15. The Blair Witch Project (1999)
Ebiri: So many years after all that hype, and the attendant backlash (not to mention the pathetic attempts to turn it into a franchise), how does The Blair Witch Project fare? Still pretty goddamn terrifying, thank you very much. The setup may be simple — three kids go out into the Maryland woods to make a documentary about a local myth — but it works.
Edelstein: The backlash was nearly as intense as the first response, but this remains the standard for limited-perspective horror. It’s not great art, but it’s proof that vague shapes and crackling twigs can be scarier than million-dollar FX — that nothing is scarier than nothing.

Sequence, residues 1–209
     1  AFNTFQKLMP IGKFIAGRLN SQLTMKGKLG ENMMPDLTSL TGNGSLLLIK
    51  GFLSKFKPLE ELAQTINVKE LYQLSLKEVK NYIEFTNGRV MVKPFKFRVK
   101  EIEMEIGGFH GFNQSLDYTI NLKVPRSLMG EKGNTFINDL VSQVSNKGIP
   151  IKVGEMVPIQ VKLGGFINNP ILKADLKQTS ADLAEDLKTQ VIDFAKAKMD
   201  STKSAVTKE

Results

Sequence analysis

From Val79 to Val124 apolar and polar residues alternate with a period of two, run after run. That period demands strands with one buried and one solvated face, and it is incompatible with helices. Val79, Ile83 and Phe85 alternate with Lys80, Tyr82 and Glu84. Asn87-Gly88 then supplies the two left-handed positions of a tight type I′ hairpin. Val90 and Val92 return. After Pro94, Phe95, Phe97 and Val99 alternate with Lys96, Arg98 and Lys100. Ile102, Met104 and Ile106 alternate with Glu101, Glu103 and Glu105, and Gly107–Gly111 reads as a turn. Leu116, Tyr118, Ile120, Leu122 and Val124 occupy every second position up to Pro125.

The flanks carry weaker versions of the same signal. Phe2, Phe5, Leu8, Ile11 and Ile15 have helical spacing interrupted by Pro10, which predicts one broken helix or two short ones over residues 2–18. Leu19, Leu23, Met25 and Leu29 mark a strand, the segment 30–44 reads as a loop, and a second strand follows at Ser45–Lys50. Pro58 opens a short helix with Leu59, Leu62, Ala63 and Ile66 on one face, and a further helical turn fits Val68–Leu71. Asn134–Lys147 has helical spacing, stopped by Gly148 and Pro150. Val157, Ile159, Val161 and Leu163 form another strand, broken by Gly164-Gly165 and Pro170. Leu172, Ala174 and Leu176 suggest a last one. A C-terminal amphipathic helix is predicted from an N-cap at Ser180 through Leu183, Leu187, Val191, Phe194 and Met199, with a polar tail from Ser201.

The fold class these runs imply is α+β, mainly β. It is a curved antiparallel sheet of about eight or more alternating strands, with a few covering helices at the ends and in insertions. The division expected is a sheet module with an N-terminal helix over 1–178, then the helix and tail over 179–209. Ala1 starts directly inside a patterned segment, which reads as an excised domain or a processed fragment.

Ebiri: I also like the tension between the three leads: For me, their mounting anger at each other and fear of their surroundings really drives the film’s scares, putting the lie to the misguided notion that it’s all gimmick. That said, the gimmick is pretty great, even though it’s also kind of a ripoff of an earlier, inferior film called The Last Broadcast.
14. Day of the Dead (1985)
Edelstein: Count me among those who were hugely disappointed at the time of the movie’s release. George Romero’s third Dead film had been a long time in coming, and it was public knowledge that his original, allegedly epic script had been eviscerated by budget cuts. But the movie has worn well: Today it seems far more interesting than the crowd-pleasing splatterfest Dawn of the Dead. The limited scale intensifies the feeling of helplessness, and Romero introduces themes with which we still grapple: How do societies reorganize themselves in the face of chaos? Can the threat be absorbed, even domesticated? How much power will be seized by the military-industrial complex? Our culture has now domesticated zombie cannibals: They’re everywhere. But the horror here was still primal.